Modesty forbids me to praise my own new book, but let me proudly say that it is an extensive revision of the 4th edition that appeared more than a decade ago, before locavores, molecular cuisine, modernist cuisine, the Food Network and so much more, now included. Word origins have been completely updated, as have per capita consumption and production stats. Most important, for the first time since publication in the 1980s, the book includes more than 100 biographies of Americans who have changed the way we cook, eat and drink -- from Fannie Farmer and Julia Child to Robert Mondavi and Thomas Keller.

"This book is amazing! It has entries for everything from `abalone' to `zwieback,' plus more than 500 recipes for classic American dishes and drinks."--Devra First, The Boston Globe.

"Much needed in any kitchen library."--Bon Appetit.

Now in Paperback, too--How Italian Food Conquered the World (Palgrave Macmillan)  has won top prize  from the Gourmand World Cookbook Awards.  It is a rollicking history of the food culture of Italy and its ravenous embrace in the 21st century by the entire world. From ancient Rome to la dolce vita of post-war Italy, from Italian immigrant cooks to celebrity chefs, from pizzerias to high-class ristoranti, this chronicle of a culinary diaspora is as much about the world's changing tastes, prejudices,  and dietary fads as about our obsessions with culinary fashion and style.--John Mariani

"Eating Italian will never be the same after reading John Mariani's entertaining and savory gastronomical history of the cuisine of Italy and how it won over appetites worldwide. . . . This book is such a tasteful narrative that it will literally make you hungry for Italian food and arouse your appetite for gastronomical history."--Don Oldenburg, USA Today. 

"Italian restaurants--some good, some glitzy--far outnumber their French rivals.  Many of these establishments are zestfully described in How Italian Food Conquered the World, an entertaining and fact-filled chronicle by food-and-wine correspondent John F. Mariani."--Aram Bakshian Jr., Wall Street Journal.

"Mariani admirably dishes out the story of Italy’s remarkable global ascent to virtual culinary hegemony....Like a chef gladly divulging a cherished family recipe, Mariani’s book reveals the secret sauce about how Italy’s cuisine put gusto in gusto!"--David Lincoln Ross,

"Equal parts history, sociology, gastronomy, and just plain fun, How Italian Food Conquered the World tells the captivating and delicious story of the (let's face it) everybody's favorite cuisine with clarity, verve and more than one surprise."--Colman Andrews, editorial director of The Daily

"A fantastic and fascinating read, covering everything from the influence of Venice's spice trade to the impact of Italian immigrants in America and the evolution of alta cucina. This book will serve as a terrific resource to anyone interested in the real story of Italian food."--Mary Ann Esposito, host of PBS-TV's Ciao Italia.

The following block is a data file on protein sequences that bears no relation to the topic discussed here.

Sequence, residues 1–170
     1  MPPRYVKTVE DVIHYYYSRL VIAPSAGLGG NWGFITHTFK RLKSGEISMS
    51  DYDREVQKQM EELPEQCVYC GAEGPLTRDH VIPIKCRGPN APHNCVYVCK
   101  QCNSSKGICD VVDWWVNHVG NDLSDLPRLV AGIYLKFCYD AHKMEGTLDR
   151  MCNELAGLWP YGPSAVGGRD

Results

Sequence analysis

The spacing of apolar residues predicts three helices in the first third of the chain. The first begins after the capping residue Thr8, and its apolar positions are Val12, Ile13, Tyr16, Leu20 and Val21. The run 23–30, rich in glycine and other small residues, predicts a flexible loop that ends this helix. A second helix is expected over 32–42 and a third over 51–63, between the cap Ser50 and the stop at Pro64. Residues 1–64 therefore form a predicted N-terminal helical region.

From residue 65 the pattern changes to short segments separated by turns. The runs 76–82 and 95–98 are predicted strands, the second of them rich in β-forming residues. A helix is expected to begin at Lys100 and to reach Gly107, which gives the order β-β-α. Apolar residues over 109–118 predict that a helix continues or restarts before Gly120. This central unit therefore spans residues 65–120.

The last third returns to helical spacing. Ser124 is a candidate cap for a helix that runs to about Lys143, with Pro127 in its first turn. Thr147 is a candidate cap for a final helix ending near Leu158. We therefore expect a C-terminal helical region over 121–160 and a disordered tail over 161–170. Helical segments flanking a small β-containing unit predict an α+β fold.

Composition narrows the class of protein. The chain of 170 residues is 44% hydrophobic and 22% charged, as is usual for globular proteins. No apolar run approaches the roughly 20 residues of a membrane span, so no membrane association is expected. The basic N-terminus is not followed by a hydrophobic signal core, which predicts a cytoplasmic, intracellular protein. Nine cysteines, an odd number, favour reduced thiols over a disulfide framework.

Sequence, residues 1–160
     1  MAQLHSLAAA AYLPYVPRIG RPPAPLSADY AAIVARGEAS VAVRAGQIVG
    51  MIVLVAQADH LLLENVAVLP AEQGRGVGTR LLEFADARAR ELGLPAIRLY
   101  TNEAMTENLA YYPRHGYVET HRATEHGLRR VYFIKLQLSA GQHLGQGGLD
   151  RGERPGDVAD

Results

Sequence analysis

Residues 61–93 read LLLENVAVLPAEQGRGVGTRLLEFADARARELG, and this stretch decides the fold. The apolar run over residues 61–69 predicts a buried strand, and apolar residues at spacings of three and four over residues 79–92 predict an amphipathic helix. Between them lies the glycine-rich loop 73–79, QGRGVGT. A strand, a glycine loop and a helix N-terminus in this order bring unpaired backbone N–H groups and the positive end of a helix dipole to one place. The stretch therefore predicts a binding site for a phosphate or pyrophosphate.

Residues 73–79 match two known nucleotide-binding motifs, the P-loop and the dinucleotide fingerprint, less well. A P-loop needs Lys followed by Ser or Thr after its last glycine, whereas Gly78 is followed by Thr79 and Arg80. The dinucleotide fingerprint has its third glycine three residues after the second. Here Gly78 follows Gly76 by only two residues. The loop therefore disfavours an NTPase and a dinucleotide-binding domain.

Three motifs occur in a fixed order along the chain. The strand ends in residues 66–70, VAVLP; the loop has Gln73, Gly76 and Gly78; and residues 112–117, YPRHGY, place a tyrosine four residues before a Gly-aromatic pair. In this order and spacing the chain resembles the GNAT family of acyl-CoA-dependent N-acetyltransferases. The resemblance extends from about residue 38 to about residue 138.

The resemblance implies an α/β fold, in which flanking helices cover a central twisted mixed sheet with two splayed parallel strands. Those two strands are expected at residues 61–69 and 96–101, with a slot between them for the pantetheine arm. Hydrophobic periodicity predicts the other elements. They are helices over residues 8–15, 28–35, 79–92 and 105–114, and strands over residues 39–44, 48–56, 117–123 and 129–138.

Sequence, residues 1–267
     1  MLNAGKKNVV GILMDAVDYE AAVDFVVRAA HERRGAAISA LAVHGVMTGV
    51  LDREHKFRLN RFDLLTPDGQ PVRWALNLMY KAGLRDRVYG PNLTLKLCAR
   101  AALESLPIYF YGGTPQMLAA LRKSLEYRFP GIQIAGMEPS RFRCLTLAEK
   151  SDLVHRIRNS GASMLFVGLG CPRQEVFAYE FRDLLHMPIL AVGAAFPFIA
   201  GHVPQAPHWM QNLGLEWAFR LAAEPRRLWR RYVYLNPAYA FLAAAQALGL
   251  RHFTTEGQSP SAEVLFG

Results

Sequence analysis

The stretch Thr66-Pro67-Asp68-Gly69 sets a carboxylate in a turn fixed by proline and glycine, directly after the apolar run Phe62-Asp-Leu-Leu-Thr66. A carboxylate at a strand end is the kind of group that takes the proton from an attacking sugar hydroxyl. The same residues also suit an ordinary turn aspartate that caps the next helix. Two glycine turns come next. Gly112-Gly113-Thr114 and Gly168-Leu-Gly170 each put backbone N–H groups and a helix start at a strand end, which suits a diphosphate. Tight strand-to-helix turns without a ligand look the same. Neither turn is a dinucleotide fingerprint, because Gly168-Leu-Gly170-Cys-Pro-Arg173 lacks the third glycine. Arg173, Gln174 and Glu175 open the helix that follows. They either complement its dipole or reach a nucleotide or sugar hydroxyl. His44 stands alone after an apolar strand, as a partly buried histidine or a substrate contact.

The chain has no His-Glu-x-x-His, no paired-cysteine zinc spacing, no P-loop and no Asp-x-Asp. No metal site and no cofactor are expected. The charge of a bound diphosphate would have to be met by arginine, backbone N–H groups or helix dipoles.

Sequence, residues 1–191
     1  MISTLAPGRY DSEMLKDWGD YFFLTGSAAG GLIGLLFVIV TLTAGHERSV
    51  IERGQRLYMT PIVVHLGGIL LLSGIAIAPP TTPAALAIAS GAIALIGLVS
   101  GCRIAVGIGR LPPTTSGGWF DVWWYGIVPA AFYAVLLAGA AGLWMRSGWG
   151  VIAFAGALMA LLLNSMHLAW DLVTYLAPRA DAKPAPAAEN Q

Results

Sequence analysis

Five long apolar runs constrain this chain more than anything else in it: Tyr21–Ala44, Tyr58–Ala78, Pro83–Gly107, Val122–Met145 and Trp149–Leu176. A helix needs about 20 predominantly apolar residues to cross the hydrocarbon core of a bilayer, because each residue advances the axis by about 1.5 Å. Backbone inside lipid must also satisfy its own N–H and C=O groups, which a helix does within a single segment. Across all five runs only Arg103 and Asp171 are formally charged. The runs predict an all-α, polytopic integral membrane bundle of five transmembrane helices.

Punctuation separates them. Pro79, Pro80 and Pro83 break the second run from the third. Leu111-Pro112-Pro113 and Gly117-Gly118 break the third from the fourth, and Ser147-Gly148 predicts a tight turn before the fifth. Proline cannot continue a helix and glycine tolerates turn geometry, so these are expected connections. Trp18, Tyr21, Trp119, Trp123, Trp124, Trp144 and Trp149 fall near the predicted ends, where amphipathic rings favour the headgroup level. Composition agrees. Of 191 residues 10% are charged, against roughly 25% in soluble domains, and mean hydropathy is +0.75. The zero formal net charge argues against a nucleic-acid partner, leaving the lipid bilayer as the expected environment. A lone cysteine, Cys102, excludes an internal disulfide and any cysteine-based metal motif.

"John Mariani has written the definitive history of how Italians won their way into our hearts, minds, and stomachs.  It's a story of pleasure over pomp and taste over technique."--Danny Meyer, owner of NYC restaurants Union Square Cafe,  The Modern, and Maialino.



FEATURED LINKS: I am happy to  report that the Virtual Gourmet is  linked to four excellent travel sites:

Everett Potter's Travel  Report

I consider this the best and savviest blog of its kind on the  web. Potter is a columnist for USA Weekend, Diversion, Laptop and Luxury  Spa Finder, a contributing editor for Ski and  a frequent contributor to National  Geographic Traveler,  and Elle Decor. "I’ve designed this site is for people who take their  travel seriously," says Potter. "For travelers who want to learn about special  places but don’t necessarily want to pay through the nose for the privilege of  staying there. Because at the end of the day, it’s not so much about five-star  places as five-star experiences."  THIS WEEK: CUBAN CARS

Eating Las Vegas JOHN CURTAS has been covering the Las Vegas food and restaurant scene since 1995. He is the co-author of EATING LAS VEGAS – The 50 Essential Restaurants (the fourth edition of which will be published in early 2016), as well as the author of the Eating Las Vegas web site: www.eatinglasvegas. He can also be seen every Friday morning as the “resident foodie” for Wake Up With the Wagners on KSNV TV (NBC) Channel 3  in Las Vegas.


nickonwine: An engaging, interactive wine column by Nick Passmore, Artisanal Editor, Four Seasons Magazine; Wine Columnist,;;

MARIANI'S VIRTUAL GOURMET NEWSLETTER is published weekly.  Editor/Publisher: John Mariani. Editor: Walter Bagley. Contributing Writers: Christopher Mariani, Robert Mariani,  Misha Mariani, John A. Curtas, Edward Brivio, Mort Hochstein, Andrew Chalk,  Dotty Griffith and Brian Freedman. Contributing Photographers: Galina Dargery,  Bobby Pirillo. Technical Advisor: Gerry McLoughlin.